Sinister Spaceships and Ferocious Furniture.
The Space Family Robinson is pulled into a hulking derelict spaceship and attacked by lounge chairs.
LOST IN SPACE Season 1 Episode 2 begins exactly where the last episode left off. Professor John Robinson (Guy Williams) is floating away from the Jupiter 2 after his tow-line has broken, as wife Maureen (June Lockhart) watches helplessly, with the Eagle Nebula brightly mocking them as backdrop.
After Maureen breaks the laws of physics firing tow-lines at John to reel him back in, from inside the ship, Major Don West (Mark Goddard) hits us with more non-physics, identifying a comet heading their way about to fry them (even though comets are exactly the opposite – frozen ice and rock). Don fights to open the stuck airlock to get John and Maureen back in the ship, as they almost burn alive from the comet’s imaginary heat.
Remember this was the first show of its kind, and the general viewing public were no more educated than the filmmakers. Even watching this in retrospect, though there are annoyances (like the three kids watching helplessly when they’re supposedly geniuses), the suspense is dynamite. The series displayed its lack of astronomy knowledge passim, but the performances and filmmaking sold it, at least in these first few episodes of Season 1.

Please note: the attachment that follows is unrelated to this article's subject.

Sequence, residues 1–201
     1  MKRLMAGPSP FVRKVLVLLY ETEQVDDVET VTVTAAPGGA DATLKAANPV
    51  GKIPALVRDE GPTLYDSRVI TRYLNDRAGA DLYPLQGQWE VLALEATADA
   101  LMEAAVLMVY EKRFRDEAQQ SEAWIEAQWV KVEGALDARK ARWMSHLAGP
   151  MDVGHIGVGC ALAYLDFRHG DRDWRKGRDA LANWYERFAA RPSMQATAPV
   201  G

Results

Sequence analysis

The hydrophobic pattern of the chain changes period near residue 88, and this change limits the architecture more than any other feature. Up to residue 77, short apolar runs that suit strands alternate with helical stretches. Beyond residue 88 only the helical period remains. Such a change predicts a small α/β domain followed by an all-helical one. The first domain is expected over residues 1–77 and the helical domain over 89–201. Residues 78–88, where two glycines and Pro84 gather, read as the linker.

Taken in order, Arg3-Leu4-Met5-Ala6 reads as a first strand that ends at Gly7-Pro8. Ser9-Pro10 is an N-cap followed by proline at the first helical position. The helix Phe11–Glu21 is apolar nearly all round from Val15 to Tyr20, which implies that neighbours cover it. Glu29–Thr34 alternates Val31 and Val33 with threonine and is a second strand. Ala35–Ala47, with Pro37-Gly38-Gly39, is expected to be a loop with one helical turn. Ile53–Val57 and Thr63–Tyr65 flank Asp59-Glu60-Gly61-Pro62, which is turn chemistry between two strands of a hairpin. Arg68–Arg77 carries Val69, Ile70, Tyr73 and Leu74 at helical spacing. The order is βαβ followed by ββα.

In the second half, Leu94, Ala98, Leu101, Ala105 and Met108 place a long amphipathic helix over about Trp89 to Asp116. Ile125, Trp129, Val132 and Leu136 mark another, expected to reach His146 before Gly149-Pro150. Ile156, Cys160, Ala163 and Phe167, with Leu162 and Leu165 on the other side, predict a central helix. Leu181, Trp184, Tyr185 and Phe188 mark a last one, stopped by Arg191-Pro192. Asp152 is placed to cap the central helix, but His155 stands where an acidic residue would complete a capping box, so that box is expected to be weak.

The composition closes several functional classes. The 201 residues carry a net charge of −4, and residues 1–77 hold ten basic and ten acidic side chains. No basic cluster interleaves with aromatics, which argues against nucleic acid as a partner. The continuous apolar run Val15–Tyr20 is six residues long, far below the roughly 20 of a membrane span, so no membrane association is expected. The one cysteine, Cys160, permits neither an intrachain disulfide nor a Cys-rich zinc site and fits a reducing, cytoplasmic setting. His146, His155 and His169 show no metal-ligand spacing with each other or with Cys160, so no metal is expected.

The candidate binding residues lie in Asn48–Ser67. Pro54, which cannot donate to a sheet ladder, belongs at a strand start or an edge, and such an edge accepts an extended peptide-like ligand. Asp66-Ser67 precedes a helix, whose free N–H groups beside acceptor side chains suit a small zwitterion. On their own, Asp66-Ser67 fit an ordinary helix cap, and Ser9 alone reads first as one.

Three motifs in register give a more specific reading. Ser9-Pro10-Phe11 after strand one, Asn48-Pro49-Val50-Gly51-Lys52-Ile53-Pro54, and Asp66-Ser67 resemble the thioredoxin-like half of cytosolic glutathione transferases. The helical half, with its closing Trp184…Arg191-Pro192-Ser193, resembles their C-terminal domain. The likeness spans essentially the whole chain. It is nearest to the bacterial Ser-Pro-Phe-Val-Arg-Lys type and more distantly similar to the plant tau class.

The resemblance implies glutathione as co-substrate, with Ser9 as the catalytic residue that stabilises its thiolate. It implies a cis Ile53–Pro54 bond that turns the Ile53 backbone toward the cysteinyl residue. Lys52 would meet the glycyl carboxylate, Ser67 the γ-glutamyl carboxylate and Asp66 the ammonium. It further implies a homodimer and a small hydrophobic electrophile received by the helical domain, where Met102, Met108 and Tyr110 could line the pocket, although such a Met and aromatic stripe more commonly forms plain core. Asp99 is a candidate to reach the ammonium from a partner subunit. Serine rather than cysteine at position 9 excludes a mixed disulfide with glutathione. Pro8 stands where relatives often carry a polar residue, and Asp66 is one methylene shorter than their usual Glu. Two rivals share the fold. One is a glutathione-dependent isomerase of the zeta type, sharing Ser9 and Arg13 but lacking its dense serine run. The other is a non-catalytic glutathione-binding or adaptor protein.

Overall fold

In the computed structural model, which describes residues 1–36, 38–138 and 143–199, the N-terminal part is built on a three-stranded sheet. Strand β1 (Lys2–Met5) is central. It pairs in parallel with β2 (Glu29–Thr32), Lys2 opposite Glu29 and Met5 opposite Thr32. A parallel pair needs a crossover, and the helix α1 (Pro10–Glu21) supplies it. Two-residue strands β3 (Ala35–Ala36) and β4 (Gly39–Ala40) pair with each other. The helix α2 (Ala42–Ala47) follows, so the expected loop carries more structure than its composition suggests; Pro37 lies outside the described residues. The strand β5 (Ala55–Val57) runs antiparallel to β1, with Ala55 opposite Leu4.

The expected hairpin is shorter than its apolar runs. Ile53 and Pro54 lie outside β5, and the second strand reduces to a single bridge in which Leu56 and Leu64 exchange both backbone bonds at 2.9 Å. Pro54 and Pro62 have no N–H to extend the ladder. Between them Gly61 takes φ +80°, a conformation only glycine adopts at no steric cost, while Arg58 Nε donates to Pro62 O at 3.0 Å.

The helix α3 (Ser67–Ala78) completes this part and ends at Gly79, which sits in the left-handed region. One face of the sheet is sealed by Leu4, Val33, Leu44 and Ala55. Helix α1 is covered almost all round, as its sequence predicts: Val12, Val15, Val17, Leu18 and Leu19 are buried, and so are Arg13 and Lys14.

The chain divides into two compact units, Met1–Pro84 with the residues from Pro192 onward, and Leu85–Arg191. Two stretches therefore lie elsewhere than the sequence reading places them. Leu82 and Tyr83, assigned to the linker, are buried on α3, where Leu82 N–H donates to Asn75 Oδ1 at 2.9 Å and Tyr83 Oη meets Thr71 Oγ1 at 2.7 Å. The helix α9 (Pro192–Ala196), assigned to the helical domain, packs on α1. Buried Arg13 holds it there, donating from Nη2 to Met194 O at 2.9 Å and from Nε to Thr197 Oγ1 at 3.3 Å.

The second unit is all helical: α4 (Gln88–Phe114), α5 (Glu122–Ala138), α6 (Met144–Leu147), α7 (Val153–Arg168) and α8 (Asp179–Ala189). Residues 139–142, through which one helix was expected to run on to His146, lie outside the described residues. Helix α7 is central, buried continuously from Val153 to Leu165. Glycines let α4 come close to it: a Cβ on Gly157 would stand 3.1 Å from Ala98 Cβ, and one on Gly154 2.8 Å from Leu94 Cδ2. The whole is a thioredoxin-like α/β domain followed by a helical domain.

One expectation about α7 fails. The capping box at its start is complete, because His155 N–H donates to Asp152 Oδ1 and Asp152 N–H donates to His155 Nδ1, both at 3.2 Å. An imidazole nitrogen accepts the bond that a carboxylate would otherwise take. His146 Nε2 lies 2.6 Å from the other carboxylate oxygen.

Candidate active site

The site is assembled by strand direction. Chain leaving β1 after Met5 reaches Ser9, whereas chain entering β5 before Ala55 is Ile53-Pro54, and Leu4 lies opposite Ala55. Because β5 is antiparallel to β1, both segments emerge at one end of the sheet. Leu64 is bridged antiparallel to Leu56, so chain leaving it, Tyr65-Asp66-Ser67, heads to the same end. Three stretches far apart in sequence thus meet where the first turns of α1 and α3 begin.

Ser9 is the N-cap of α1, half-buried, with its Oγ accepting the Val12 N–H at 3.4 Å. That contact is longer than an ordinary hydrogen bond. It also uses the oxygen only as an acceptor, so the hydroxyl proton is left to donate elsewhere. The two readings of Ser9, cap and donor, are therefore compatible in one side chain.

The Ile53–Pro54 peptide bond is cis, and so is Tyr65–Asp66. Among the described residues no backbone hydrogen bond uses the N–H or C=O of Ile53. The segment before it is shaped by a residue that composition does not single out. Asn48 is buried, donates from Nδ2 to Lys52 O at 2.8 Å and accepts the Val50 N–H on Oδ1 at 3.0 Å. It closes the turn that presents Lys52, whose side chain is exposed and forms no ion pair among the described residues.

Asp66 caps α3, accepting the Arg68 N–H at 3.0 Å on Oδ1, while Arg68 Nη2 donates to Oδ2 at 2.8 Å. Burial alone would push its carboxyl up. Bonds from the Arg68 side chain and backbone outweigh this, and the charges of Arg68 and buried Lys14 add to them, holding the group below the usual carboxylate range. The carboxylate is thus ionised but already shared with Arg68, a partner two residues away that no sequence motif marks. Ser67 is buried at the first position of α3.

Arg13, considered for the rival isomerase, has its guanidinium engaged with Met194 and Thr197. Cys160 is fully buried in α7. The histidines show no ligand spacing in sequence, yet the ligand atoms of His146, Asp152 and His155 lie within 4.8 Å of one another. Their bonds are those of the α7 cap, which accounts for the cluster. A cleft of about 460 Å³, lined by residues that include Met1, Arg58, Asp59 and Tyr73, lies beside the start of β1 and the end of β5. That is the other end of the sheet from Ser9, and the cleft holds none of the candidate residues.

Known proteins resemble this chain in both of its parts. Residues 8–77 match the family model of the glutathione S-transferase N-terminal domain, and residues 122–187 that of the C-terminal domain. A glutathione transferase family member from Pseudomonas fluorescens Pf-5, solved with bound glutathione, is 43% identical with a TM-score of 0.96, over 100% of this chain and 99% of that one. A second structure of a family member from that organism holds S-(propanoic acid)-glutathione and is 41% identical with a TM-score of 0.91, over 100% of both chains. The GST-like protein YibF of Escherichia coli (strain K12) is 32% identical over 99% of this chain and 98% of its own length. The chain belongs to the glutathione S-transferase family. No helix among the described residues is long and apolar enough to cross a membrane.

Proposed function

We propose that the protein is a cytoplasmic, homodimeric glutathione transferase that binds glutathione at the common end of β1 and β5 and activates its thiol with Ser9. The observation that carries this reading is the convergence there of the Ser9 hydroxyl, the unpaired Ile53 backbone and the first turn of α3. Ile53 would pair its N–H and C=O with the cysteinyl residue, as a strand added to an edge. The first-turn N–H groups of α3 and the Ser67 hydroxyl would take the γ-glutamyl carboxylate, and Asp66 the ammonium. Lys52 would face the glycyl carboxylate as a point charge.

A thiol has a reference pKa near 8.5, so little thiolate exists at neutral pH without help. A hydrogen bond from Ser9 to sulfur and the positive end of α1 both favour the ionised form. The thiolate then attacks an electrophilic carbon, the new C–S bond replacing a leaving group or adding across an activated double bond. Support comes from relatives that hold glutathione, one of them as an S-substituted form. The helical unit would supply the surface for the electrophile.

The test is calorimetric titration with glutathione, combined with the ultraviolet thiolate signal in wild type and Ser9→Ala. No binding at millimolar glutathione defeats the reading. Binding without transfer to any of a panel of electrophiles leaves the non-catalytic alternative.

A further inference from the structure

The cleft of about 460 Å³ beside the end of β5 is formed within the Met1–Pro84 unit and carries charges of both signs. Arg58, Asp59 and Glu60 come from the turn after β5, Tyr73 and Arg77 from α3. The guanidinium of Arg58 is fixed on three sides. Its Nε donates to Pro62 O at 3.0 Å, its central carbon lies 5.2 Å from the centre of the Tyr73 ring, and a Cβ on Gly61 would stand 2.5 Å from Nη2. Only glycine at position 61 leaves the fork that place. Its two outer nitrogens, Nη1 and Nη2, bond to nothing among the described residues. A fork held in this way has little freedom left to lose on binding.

Major West “searches for some clue to their present location” while the Eagle Nebula blares at them from the constellation Serpens. But Don is easily distracted by the Robinsons’ oldest daughter looking like a Norwegian supermodel. Due to 60’s censors, these quiet talky moments between Don and Judy (Marta Kristen) are all we’d ever get, to indicate the boiling-over libido that should be fraying the underpants of this hot young pair of breeders, a billion miles from the nearest fertile humans. (In real life, Mark Goddard would attest that both he and Kristen crushed on each other, but that they never acted upon it, due to both being married. He neglected to say “wink-wink” but we know what time it is…)